Tucked down in Shepherd’s Bush, Adventox is a venue that rarely gets talked about amongst enthusiasts. Their first two games were reasonable but not amazing. They’re the sort of game that enthusiasts will eventually play in London but which passing visitors are unlikely to make a beeline for. With their third experience, they’ve changed directions from a theming point of view and created a scary experience. Would that be the trick to elevate them?
I’ve always found the entrance to this venue a little strange. The GMs look out on to the shopping centre and, while I understand how that probably drives more business into the shop, I can’t help but feel they’re not as focused on the players as they might otherwise have been. Not an issue on our visits, but something which other teams might struggle with. That’s not changed since our previous visit, but what has changed is the waiting area. Presumably to make way for the latest game, they’ve shrunk down the front of house to a relatively small space. If you’re coming as a group, be warned that it isn’t quite the cosy environment that it used to be.
Inside the room
First impressions in the room weren’t great but, fortunately, it turned out that was because the game proper starts a few more feet beyond the door and the first few steps take place in a plain, dark environment. That seems a weird choice because it means they’ve wasted some of the potential game area, but what it does point towards is their desire to make you explore during the game. There’s a constant sense of discovery, with you rarely staying in one space for very long before heading onwards. That, combined with London rental prices, means that each space in which you do spend time isn’t particularly large. With our team of three it was fine but, with a full complement of players, I think this room would get crowded.
I was impressed by the decoration, which felt like a step up from their previous two games. There were definitely moments where it felt a little superficial – one great example being where they’d used a silver pen to make a mark on a wall rather than 3D printing or laser-cutting something of the same shape. That said, there were many more moments where they’d pushed things to a much more interesting level. While the game has a spooky vibe, this certainly isn’t a gruesome experience, and we probably laughed more at the scares than found them frightening or even jumpy. That said, there was one scare thing that I still couldn’t help but react to (as my team mates will testify!) so, if you really can’t cope with jump scares at all, you should probably avoid this game, or at least call them in advance.
From a puzzle perspective, everything made sense – if anything, a little too much sense. We rarely got held up and pretty much always understood what we were meant to do next. I guess that was in part a corollary of the small spaces – it was hard to fit a lot of puzzles into each space and so, when we found a prop, we knew we were meant to use it pretty quickly. There was one physical puzzle that we (well, I really) overcomplicated, which slowed us down, and then another where we misinterpreted a clue for a while. Other than that, we just bounced from puzzle to puzzle, never rushing, usually working together rather than splitting up, and yet we still made it to the end in under half the time.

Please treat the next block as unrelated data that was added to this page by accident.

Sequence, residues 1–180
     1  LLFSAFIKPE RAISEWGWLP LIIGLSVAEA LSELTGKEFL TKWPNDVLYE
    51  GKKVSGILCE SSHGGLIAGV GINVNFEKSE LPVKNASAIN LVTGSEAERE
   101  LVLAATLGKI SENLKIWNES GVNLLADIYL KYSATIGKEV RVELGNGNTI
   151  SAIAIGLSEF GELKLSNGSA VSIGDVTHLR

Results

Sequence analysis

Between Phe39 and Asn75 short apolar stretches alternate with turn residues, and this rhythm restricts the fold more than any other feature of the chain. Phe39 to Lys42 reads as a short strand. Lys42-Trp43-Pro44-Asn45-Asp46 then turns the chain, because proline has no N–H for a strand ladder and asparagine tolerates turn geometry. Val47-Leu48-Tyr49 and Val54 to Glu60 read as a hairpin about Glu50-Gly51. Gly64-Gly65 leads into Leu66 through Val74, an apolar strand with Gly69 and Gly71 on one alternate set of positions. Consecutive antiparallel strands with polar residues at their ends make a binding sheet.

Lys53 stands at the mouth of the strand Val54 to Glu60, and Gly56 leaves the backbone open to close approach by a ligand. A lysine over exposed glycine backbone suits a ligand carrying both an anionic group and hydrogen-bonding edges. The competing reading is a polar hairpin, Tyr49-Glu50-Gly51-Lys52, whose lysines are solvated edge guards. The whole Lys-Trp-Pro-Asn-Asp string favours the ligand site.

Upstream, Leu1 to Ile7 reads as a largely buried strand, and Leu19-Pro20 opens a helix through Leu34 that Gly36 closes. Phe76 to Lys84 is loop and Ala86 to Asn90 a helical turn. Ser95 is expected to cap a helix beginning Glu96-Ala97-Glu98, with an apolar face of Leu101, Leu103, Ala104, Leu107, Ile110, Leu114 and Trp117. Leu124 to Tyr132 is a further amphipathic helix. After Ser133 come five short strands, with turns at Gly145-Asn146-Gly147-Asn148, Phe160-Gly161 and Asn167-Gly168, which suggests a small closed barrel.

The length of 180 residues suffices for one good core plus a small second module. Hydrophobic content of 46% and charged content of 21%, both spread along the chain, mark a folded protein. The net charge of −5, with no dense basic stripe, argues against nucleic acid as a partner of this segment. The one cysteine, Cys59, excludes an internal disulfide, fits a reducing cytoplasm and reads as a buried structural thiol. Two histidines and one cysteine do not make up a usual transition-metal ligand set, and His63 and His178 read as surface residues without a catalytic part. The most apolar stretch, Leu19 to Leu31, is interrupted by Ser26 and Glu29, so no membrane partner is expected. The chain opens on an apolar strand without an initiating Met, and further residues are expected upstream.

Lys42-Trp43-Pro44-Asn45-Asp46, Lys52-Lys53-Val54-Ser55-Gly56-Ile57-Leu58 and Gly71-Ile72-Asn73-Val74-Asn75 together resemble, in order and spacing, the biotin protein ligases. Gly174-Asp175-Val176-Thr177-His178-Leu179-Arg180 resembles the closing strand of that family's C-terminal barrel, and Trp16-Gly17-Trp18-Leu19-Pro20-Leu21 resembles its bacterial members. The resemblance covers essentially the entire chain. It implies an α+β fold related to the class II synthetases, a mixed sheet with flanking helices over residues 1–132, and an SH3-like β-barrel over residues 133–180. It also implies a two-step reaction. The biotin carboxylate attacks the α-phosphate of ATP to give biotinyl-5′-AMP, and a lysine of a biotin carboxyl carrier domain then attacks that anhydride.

The end of the game was the strongest part of the experience for me. It’s a well presented space with good effects and decent puzzles. Even better, the final act in the room made sense in the story, which rarely felt true for the rest of the experience. The only downside was that, while there was a change in the audio that suggested we’d finished, without a clock or the exit door springing open, we were left a little uncertain for a few seconds before we checked the door. Nothing that significantly affected the game, but it just took the edge off the final flourish.
Of the three games at Adventox, this is my favourite. There’s a pretty set, a vague story that occasionally makes an appearance, enjoyable and logical puzzles, albeit without significant challenge, and a general flow that kept us entertained. That quick finish of only 28 minutes is my worry, but I’m hopeful that most teams won’t go quite that fast.
We played as a three, and that was definitely the maximum I’d take along as an enthusiast unless you struggle in scary rooms. It’s a good choice for a bigger team of beginners if the theme’s of interest.
We ate in the Defector’s Weld, a craft beer pub five minutes’ walk from the venue. I’m told the beer selection is excellent, and I can testify that the food is good but not amazing. Top tip: there’s an upstairs which most people don’t know about so, if you can’t find a table, head to the secret stairwell that you can enter through a door at the back of the bar.